Campaign Lara Croft Tomb Raider: Legend
PR team Taylor Herring Brand Communications
Timescale November 2005-April 2006
UK games publisher Eidos – owner of the intellectual property rights to Lara Croft – brought in Taylor Herring Brand Communications at the end of last year to prepare the April launch of the latest videogame in the series, Lara Croft Tomb Raider: Legend.
To create significant coverage across mainstream consumer media and re-establish the credibility of the Lara Croft brand. To position Tomb Raider: Legend as a potential number one hit and the ‘must have’ game for 2006.
Strategy and Plan
In order to position the Lara Croft character as a celebrity and persuade specialist videogame press to communicate the quality of the game to core gaming fans, Taylor Herring developed a three-stage campaign. The intention was to draw upon the brand’s cultural heritage and assets.
The initial phase focused on generating interest around the Valentine‘s Day unveiling of the new face of Lara Croft – 20-year-old, relatively unknown model Karima Adebibe. This involved securing a series of exclusive articles based around Adebibe’s rags-to-riches story, covering her rise from Topshop sales assistant to ‘cyber heroine’.
Meanwhile, Lara Croft had been shortlisted as a ‘design icon’ on BBC2’s The Culture Show – the agency thus set about securing public votes for her by urging games magazines to back her in the poll.
The second stage of the campaign focused on feature generation, and included a partnership with the British Army to create an SAS-style mock training day for Adebibe and journalists.
Finally, to focus on the game itself, the PR team lobbied Guinness World Records to recognise Lara Croft as the ‘most successful computer games heroine ever’ – and it did. The agency timed the announcement of the ‘record’ for launch day, 7 April.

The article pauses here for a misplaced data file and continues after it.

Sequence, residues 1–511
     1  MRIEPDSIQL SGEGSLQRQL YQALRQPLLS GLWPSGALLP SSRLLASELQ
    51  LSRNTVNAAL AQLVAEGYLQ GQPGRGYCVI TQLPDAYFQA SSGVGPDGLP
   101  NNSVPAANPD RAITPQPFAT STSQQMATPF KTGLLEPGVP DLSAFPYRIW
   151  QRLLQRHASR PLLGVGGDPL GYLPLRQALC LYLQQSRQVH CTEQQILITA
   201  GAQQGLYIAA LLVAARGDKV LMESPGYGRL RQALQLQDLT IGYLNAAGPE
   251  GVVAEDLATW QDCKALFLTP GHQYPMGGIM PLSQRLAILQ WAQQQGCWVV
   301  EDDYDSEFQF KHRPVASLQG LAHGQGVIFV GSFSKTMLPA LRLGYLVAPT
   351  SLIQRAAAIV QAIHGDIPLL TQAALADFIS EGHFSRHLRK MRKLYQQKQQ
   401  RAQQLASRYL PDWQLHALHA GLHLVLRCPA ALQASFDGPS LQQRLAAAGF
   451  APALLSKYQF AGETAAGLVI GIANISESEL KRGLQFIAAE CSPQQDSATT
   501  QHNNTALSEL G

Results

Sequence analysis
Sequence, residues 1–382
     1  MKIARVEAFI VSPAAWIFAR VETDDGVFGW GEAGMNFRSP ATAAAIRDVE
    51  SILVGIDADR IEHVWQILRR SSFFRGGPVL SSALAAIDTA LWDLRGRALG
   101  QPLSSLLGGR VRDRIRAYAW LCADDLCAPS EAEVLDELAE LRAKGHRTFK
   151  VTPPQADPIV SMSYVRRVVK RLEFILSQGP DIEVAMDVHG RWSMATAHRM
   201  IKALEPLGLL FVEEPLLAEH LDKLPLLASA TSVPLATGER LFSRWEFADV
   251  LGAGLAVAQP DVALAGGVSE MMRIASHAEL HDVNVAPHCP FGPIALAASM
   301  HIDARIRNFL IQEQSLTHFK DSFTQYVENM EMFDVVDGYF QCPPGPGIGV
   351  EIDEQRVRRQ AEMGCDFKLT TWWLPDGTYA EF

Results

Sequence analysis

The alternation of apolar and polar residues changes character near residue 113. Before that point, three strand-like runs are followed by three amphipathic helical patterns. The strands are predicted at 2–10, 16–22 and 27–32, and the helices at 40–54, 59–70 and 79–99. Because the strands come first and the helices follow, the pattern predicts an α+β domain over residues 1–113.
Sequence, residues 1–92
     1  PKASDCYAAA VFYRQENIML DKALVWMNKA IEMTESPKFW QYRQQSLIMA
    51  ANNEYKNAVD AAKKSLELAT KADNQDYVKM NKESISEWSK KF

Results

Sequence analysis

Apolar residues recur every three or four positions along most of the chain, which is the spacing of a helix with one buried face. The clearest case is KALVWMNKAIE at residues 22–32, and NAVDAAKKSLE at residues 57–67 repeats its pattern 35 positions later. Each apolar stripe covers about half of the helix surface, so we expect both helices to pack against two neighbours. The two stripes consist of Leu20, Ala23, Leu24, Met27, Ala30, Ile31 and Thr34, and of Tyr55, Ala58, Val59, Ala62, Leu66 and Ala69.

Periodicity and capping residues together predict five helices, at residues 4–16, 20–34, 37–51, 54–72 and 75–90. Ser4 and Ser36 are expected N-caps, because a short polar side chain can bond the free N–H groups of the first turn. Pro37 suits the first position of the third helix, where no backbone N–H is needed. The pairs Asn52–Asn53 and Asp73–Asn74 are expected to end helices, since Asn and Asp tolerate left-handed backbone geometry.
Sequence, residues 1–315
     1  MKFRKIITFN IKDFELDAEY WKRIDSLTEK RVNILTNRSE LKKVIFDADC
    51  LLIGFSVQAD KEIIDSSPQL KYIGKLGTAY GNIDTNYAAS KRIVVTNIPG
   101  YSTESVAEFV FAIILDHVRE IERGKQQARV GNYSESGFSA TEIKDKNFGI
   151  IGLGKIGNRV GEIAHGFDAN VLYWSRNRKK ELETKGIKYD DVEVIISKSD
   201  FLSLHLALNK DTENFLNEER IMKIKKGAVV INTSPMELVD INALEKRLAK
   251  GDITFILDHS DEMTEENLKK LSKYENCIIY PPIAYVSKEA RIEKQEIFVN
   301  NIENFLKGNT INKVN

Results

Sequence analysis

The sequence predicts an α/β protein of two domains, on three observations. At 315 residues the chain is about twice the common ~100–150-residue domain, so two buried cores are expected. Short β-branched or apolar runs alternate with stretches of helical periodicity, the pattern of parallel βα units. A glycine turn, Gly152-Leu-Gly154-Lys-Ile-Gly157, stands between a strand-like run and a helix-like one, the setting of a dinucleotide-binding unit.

Measurement and Evaluation
Coverage included two double-page spreads and a full-page review in The Sun, two full pages in Daily Star Sunday, a six-page feature in FHM, five pages in Zoo and a page in Nuts.
Other interest came from London’s Metro and Evening Standard, and all the major UK regional newspapers. Features appeared in The Sunday Telegraph and The Sunday Times Magazine. Broadcast coverage included BBC News 24, Radio Five Live, London Tonight and MTV.
Tomb Raider: Legend was number one in the UK videogame chart for three weeks, and to date is the fastest-selling game of 2006. Taylor Herring has been asked to advise Eidos on future Tomb Raider brand releases.
In The Culture Show’s Great British Design Quest, Lara Croft was eventually placed eighth.
The Sunday Telegraph reporter Elizabeth Day, who attended the SAS-style ‘training day’, says: ‘I was fascinated by how seriously the PR was taken, in terms of archaeology and handgun lessons for Adebibe – who was lovely, and really good with all the photographers.’
Keef Sloan, director of digital agency Way to Blue, launched PlayStation videogame Lone Soldier.
I liked what Taylor Herring did with this campaign.
OK, so it was never going to be rocket science getting a good-looking model dressed as Lara Croft into The Sun, but they did it well and the spread of coverage was wide enough to ensure the campaign peaked during the release of
Getting the Army involved also helped to generate journalist interest.
Lara Croft and Tomb Raider is an ageing franchise so the press releases could well have fallen on deaf ears without the necessary hooks. I also liked the rags-to-riches story as it added depth to what could otherwise have been a simple pictorial piece.
The staggered approach is something I’d like to see adopted by more consultancies. It presents the ideas to the client in a very understandable way, and allows the agency to define a manageable ‘road map’ of activity.
I would have liked to have seen what they could have done from a business angle, especially as Eidos has recently been purchased by software group SCi. Lycra-clad models don’t tend to translate into effective B2B PR activity, so this would have presented a much greater challenge.
It would also have been interesting to see whether Taylor Herring had made Lara appeal to a female audience. A PR angle around strong female role models would have rounded this campaign off nicely.